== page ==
The abortion restrictions that were then in place did not eliminate abortions, they only drove them underground. During the Great Depression, the incidence of abortion increased dramatically, as women, married or unmarried, found the increased economic burden of more children to be untenable. The results were often gruesome. Without professional medical help, women were driven to use abortion methods that were dangerous and unsanitary. The coat hanger abortion was rampant. Knitting needles, rubber tubing, ballpoint pens, bicycle spokes, soda bottles and even chicken bones were tools of the trade. Some women jumped off roofs or beat themselves in the stomach in the belief it would cause spontaneous abortion.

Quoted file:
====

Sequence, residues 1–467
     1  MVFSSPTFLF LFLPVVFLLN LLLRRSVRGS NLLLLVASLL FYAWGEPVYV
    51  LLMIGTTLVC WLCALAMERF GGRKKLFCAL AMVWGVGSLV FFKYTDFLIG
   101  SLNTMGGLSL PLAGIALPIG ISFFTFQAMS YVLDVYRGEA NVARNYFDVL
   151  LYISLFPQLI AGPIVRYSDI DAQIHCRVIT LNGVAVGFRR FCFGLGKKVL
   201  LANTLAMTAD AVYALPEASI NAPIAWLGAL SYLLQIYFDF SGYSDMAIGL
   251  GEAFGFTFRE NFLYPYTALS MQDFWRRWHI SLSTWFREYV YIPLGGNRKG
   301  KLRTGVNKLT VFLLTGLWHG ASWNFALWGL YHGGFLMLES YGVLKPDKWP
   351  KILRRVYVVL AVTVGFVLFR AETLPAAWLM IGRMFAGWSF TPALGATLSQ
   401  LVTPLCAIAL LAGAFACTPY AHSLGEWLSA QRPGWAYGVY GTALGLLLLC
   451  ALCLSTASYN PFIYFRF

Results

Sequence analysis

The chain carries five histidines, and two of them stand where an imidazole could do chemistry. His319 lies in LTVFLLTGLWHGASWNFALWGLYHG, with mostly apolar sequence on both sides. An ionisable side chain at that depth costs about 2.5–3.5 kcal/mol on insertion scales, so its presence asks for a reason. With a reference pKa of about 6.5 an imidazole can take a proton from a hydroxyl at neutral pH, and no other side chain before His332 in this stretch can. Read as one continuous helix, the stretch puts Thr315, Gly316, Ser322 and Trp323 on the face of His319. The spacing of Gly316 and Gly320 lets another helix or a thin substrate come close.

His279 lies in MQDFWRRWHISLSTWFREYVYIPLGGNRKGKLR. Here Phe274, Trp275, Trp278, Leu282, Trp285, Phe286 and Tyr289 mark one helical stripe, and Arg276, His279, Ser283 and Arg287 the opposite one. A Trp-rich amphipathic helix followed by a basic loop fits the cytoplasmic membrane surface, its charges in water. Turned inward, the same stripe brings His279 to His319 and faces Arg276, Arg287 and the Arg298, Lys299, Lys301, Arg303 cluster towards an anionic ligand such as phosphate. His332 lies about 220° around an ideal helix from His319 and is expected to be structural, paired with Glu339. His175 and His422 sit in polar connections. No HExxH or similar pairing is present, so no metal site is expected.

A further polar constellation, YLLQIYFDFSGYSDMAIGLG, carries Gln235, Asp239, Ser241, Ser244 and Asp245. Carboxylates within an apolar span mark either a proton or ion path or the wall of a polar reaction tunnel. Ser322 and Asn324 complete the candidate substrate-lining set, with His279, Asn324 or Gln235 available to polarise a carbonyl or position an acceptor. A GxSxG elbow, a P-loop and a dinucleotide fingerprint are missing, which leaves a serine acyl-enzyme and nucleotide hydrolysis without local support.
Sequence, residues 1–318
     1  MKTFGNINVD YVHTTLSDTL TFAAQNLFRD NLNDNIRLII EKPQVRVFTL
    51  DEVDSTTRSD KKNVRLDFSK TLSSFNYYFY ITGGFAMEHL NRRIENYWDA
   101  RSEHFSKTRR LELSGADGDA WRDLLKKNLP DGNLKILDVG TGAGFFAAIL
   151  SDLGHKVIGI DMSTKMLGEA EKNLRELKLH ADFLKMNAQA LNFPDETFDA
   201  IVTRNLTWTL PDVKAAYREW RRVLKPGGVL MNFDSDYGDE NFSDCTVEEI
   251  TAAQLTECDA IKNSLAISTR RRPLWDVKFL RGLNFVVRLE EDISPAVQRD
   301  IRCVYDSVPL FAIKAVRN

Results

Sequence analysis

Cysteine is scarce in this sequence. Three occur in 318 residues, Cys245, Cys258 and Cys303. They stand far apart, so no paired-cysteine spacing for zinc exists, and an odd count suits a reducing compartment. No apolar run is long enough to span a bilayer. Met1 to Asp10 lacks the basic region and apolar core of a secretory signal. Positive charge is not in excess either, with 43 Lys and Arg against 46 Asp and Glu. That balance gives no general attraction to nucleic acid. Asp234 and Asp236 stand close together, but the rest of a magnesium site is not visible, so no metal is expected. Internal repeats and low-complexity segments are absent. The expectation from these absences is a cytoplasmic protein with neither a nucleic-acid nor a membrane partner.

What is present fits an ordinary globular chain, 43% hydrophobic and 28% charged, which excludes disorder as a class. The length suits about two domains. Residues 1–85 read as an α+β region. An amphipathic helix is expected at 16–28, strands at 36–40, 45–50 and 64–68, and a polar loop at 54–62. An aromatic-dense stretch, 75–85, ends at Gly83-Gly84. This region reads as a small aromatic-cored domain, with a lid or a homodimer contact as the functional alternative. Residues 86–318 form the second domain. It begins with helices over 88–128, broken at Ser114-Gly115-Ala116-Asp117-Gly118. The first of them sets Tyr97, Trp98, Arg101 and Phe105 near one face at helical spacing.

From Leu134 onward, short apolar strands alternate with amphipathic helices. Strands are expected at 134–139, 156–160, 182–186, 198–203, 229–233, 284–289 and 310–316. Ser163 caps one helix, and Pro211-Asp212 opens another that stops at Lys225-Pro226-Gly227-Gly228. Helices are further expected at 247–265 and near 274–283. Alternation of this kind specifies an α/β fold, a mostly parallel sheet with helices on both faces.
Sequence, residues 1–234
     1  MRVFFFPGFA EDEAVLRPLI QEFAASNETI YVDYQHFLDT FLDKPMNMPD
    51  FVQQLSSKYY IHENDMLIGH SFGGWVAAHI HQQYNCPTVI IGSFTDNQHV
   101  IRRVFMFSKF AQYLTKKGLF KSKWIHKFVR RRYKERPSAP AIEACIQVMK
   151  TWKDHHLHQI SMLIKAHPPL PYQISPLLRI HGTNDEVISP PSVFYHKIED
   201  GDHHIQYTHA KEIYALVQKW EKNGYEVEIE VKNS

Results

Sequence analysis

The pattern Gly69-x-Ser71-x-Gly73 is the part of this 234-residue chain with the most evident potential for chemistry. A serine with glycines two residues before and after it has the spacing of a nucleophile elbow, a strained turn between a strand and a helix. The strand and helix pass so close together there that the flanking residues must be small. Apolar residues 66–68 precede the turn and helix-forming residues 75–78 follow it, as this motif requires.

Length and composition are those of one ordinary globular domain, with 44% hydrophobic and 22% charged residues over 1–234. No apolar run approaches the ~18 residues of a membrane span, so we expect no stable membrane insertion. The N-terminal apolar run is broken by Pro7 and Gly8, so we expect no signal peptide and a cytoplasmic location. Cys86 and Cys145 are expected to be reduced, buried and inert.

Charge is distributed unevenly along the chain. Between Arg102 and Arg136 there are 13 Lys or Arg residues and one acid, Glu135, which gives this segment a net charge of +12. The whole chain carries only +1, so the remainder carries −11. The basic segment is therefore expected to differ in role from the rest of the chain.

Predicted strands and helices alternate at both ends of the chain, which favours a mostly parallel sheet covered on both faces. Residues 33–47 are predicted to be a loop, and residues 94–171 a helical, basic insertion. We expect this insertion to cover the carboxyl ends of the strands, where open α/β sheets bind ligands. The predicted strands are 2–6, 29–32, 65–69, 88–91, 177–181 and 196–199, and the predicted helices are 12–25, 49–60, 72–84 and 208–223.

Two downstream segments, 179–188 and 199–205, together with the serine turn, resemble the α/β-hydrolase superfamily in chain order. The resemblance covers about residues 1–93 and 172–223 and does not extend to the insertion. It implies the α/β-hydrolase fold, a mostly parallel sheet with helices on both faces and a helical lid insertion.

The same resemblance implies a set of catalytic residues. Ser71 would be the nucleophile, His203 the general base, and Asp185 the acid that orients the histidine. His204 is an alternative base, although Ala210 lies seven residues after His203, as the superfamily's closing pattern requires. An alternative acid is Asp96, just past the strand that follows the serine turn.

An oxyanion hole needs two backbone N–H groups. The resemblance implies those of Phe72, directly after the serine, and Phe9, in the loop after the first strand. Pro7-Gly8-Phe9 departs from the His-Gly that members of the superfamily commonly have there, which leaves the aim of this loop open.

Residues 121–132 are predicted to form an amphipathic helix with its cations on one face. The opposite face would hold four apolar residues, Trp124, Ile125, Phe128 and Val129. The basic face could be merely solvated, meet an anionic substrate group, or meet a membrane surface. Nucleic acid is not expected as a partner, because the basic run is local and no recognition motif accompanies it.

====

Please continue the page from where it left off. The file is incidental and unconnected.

David A. Grimes wrote in his book Every Third Woman in America, “They jabbed into their uteruses with knitting needles and coat hangers, which [Dr. Daniel] Mishell sometimes found still inside them. They stuck in bicycle pump nozzles, sometimes sending a fatal burst of air to the heart. They’d try to insert chemicals—drain cleaner, fertilizer, radiator-flush—and miss the cervix, corrode an artery and bleed to death. Mishell once put a catheter into a woman’s bladder and ‘got a tablespoon of motor oil.’” Serious infections, infertility and even death were commonplace. Statistics are hard to come by, since abortion was underground, but hundreds, more likely thousands of desperate women died attempting illegal abortions. (In contrast, in 2009, with a population twice as high as during the Great Depression, only eight abortion-related deaths were recorded.)